NIDI DI RONDINI
1 12-ounce package lasagna noodles
2 tablespoons butter
2 tablespoons flour
1 cup milk
⅛ teaspoon salt
⅔ cup marinara sauce (⅓ cup more later)
1¼ cups grated mozzarella
½ pound prosciutto or deli-sliced ham
⅓ cup marinara sauce
¼ cup grated Parmesan cheese
8″-x-8″ casserole dish
kitchen scissors or scissors
Serves 5. Takes 1 hours 45 minutes.
Preheat oven to 350 degrees. Cook lasagna noodles according to directions on package. (Do not let noodles stick together. You might need to cook them in batches.) Drain noodles. Spray flat surface. Place lasagna noodles flat on flat surface. (Do not let them touch each other.)
While noodles cook, add butter to pan. Melt butter using medium heat. Gradually add in flour. Stir frequently until well blended. Gradually add milk until the sauce thickens. Stir frequently. Add salt. Stir until blended. This is the bechamel sauce. Remove pan from heat.
Pour ⅔ cup marinara sauce into casserole dish. Smooth with spatula. Spread bechamel sauce evenly over all the noodles. Sprinkle mozzarella evenly over the bechamel sauce. Place proscuitto strips over the bechamel-mozzarella lasagna noodles. (If necessary, trim or fold prosciutto strips so that they are narrower than the noodles.)
Roll up lasagna noodles so that they form a tight cylinder. Place lasagna cylinders upright and close together in casserole dish. (If necessary, place wadded-up balls of tin foil in casserole dish to keep lasagna cylinders from falling over.) Make four ½” cuts at the top of each lasagna cylinders. Pull the lasagna between the cuts down and out a bit. so that they look like rose petals.
Drizzle ⅓ cup marinara sauce over the lasagna cylinders. Sprinkle cylinders with Parmesan cheese. (Not so much that you can’t see the rose-petal design of the lasagna cylinders.) Bake for 35 minutes or until the tops of the cylinders turn crisp and golden brown.
1) Nidi di rondini tastes great. Anyone making this entree will be immediately be hailed as an amazing chef and host.
2) If you are up for a Nobel Prize, you would do well to serve this dish to the judges.
3) As of press time, it is not illegal to do this.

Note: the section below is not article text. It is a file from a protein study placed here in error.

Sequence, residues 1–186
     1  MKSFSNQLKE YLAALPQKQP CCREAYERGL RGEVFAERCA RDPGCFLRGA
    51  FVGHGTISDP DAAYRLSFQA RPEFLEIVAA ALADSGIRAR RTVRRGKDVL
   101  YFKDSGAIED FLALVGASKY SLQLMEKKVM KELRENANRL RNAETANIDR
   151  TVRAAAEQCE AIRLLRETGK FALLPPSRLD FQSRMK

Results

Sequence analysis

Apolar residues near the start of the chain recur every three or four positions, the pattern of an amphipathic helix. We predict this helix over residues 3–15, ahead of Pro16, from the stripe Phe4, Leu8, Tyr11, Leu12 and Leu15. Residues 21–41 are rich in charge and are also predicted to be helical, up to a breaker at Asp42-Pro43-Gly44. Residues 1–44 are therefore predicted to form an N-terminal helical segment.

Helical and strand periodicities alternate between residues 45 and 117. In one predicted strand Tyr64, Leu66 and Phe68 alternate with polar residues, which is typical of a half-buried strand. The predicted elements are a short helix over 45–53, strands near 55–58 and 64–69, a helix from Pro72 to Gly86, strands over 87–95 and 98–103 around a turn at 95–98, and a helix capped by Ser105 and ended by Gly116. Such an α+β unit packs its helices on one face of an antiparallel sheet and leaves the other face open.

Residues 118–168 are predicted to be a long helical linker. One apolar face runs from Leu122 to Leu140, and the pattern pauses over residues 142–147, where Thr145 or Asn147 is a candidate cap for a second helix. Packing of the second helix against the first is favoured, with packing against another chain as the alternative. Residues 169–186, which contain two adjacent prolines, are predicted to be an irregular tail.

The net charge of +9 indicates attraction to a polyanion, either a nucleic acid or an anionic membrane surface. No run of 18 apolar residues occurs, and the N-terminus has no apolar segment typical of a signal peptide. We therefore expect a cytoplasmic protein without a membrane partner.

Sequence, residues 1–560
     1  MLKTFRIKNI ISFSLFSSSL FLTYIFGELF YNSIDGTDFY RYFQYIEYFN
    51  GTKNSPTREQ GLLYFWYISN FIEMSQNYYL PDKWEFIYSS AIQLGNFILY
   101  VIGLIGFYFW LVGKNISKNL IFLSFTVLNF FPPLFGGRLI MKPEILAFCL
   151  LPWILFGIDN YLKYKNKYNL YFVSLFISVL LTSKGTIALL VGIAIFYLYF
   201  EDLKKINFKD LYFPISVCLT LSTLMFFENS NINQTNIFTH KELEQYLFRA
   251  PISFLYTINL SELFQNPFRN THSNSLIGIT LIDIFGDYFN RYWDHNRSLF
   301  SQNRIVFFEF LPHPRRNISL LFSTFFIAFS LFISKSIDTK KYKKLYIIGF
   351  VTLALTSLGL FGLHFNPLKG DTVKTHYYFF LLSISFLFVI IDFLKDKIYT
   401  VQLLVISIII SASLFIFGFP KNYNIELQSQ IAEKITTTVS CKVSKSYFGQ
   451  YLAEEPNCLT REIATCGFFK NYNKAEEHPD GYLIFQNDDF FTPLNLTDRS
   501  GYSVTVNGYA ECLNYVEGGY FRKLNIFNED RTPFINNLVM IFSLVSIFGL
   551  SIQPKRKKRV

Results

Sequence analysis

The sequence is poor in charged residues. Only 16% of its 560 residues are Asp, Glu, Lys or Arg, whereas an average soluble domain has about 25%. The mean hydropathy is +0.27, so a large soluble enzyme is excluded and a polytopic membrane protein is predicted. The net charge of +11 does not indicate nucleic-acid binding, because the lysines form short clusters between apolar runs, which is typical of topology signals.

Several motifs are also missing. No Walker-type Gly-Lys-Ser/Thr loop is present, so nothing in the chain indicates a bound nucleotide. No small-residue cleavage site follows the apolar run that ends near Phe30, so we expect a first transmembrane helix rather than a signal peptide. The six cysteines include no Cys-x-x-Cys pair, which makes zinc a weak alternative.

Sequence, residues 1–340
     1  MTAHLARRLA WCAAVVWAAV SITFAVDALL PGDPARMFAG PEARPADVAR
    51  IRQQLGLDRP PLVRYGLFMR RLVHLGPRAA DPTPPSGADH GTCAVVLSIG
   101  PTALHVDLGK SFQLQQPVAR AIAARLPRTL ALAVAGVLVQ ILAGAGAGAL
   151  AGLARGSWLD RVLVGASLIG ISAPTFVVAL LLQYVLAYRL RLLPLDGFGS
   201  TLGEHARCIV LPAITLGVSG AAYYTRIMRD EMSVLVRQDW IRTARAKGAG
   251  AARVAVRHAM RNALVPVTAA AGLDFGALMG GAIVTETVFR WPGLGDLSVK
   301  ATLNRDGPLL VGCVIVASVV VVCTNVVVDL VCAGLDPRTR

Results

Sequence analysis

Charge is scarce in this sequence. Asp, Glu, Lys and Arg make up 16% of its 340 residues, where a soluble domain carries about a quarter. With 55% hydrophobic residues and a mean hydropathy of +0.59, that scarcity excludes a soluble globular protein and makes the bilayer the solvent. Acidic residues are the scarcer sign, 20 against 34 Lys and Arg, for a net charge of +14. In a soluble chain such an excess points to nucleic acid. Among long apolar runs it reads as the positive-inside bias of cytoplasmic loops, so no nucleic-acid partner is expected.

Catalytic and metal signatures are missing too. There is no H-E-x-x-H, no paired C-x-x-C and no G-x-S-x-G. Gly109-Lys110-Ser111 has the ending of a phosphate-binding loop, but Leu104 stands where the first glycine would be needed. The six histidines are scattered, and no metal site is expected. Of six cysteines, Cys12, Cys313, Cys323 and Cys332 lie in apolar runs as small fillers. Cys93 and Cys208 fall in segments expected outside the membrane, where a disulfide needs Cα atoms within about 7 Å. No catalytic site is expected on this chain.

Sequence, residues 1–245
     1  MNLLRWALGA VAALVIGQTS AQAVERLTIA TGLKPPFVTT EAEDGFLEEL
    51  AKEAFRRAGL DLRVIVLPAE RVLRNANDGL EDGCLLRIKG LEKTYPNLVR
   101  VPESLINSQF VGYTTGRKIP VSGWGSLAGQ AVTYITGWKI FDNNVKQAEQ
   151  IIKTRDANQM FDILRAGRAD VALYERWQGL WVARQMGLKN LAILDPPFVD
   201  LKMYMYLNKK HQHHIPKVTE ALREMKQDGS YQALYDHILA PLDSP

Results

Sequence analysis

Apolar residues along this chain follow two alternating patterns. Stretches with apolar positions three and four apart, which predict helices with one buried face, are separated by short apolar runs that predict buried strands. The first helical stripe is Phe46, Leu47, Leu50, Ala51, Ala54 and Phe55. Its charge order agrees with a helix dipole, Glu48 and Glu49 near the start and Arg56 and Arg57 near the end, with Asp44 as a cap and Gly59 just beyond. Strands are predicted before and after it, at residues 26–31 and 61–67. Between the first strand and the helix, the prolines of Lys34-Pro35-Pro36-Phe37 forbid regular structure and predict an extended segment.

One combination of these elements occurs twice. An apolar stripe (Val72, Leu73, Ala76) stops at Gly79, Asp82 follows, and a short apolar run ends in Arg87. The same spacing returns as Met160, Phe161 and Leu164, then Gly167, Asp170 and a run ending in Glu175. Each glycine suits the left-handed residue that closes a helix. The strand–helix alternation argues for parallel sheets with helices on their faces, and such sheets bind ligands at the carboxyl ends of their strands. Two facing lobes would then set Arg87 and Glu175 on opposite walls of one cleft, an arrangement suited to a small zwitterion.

4) So, what are you waiting for?
5) Nidi di rondini comes from the great, but tiny country of San Marino.
6) Despite being the size of a rather large postage stamp (24 square miles, 61 square kilometers), the San Marinese have preserved their independence for 1,816 years.
7) The above number is accurate as of the time of writing. Please increase the above number by one for every year after 2021.
8) Anyway, how did this tiny country maintain its independence from many other countries with much bigger armies such as: the Roman Empire, the Papal States, the French Empire under Napoleon, Italy, and Hitler’s Germany?
9) Simple. As culinary historians will tell you, soldiers with red hair make the fiercest warriors in the world. San Marino has always had fighting redheads. The chefs of this happy land commemorates their heroes with these rolled-up lasagna rolls topped with marinara sauce.
10) However, the most famous fighters in the world come from Scotland. Neighboring England failed for centuries to conquer the Scots, The English armies quailed, broke ranks and fled in terror whenever they caught sight of all that Scottish red hair.
11) The only success the English had came from their archers. But, of course, the archers were to far away to see the hair color of the Scottish pikemen.
12) One wonders why the English army never colored their hair red. Then the Scottish warriors would have fled whenever came in contact with the English.
13) What if? What if all the countries of the world made their soldiers die their hair?
14) All armies fear fighting fierce redheads. With all armies comprised of gingers, no army would dare attacking any other.
15) Peace would break out.
16) There you have it. Dye the hair of all combatants red.
17) I see a Nobel Peace Prize in my future, as long as I remember to serve nidi di rondini to the judges.
– Paul De Lancey, The Comic Chef